They make strange noises. They belch smoke. There are far too many of them. But from the very beginning, we have always been crazy about our cars. In this visual love song to a much-maligned part of our lives, Maxwell Newhouse gives us a whimsical, quirky, and very personal history of the cars he adores.
In the early days, cars were primarily a source of recreation. They shared unpaved roads with horses and wagons, and when they ran out of gas — which was often because there were few gas stations — horses had to pull them home. Driving mania soon began to shape the landscape. Cars begat gas stations, which sparked the popularity of family camping, going to the drive-in, and fast food. They even spawned bridges so that people could ford rivers in the comfort of their cars.
Maxwell Newhouse has captured their spirit perfectly. Even now, when we all try to walk, use public transit, or ride bikes, there is still something thrilling in the cry, “Let’s go for a ride!”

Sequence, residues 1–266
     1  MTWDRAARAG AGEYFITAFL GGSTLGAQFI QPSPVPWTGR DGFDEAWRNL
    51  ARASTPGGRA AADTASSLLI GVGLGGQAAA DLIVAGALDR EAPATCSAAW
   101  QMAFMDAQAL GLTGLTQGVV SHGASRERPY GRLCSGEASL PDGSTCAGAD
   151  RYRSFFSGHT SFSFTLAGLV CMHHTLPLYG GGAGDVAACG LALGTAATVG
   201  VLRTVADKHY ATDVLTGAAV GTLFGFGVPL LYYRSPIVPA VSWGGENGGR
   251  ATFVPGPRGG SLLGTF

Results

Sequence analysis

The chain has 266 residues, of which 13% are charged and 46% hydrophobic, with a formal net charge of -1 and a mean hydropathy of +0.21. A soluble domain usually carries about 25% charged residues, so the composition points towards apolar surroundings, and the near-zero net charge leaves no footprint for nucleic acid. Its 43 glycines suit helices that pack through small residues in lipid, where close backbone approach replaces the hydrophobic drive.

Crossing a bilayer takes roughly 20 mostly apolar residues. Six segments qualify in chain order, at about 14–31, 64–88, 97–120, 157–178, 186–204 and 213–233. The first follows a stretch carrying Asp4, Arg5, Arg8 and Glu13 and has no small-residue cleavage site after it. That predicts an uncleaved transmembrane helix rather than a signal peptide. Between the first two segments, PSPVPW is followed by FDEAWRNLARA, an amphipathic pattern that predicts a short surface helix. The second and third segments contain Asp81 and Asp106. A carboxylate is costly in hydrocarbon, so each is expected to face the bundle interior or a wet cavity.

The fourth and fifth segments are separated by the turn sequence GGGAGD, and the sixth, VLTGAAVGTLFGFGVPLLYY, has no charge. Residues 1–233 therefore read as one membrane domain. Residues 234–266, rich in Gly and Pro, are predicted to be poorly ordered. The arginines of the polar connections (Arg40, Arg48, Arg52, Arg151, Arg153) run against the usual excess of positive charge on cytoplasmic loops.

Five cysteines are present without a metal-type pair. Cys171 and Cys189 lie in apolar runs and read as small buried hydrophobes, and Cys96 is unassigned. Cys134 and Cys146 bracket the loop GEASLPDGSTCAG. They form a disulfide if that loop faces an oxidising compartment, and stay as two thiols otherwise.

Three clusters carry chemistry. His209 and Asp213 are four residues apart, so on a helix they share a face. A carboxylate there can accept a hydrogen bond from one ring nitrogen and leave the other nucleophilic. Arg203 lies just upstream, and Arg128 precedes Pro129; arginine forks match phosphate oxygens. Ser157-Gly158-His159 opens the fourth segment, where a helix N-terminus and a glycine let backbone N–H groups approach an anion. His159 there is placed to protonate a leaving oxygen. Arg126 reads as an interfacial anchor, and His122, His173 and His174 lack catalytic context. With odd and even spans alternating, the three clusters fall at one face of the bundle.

Maxwell Newhouse is one of Canada’s most accomplished folk artists. His work is exhibited in galleries across Canada. He is well known for his paintings of the Royal Canadian Mounted Police Musical Ride, which are gathered together for the first time in his most recent book, The RCMP Musical Ride. He has illustrated three books for Tundra, including Emily Carr: At the Edge of the World, written by Jo Ellen Bogart. He lives in Cultus Lake, British Columbia.
Praise for The RCMP Musical Ride:
“Newhouse has created folk art illustrations that evoke the pageantry of ‘the ride’, while filling each page with details and fun for the reader.”
Praise for Emily Carr: At the Edge of the World:
“…this is a gorgeous look at the Canadian artist’s life…”
—School Library Journal
“This book is a lovely introduction to a major artist.”
—The Bloomsbury Review
“[A] beautiful biography… The finely detailed line drawings of Emily and her world… capture the very essence of Emily’s appearance….”